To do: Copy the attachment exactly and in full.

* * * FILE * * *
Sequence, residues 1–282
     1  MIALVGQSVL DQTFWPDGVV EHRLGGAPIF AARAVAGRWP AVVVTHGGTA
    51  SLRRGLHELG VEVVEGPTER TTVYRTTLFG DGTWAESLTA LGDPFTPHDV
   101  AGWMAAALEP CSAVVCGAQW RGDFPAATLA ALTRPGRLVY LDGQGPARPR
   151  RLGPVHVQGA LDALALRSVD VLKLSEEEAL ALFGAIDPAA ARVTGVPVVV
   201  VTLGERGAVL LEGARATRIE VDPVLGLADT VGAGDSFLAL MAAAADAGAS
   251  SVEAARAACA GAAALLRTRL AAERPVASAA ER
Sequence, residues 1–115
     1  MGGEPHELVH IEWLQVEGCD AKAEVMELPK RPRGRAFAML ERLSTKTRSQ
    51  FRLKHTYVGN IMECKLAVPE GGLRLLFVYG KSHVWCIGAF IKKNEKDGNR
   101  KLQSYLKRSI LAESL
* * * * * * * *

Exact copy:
Sequence, residues 1–282
     1  MIALVGQSVL DQTFWPDGVV EHRLGGAPIF AARAVAGRWP AVVVTHGGTA
    51  SLRRGLHELG VEVVEGPTER TTVYRTTLFG DGTWAESLTA LGDPFTPHDV
   101  AGWMAAALEP CSAVVCGAQW RGDFPAATLA ALTRPGRLVY LDGQGPARPR
   151  RLGPVHVQGA LDALALRSVD VLKLSEEEAL ALFGAIDPAA ARVTGVPVVV
   201  VTLGERGAVL LEGARATRIE VDPVLGLADT VGAGDSFLAL MAAAADAGAS
   251  SVEAARAACA GAAALLRTRL AAERPVASAA ER
Sequence, residues 1–115
     1  MGGEPHELVH IEWLQVEGCD AKAEVMELPK RPRGRAFAML ERLSTKTRSQ
    51  FRLKHTYVGN IMECKLAVPE GGLRLLFVYG KSHVWCIGAF IKKNEKDGNR
   101  KLQSYLKRSI LAESL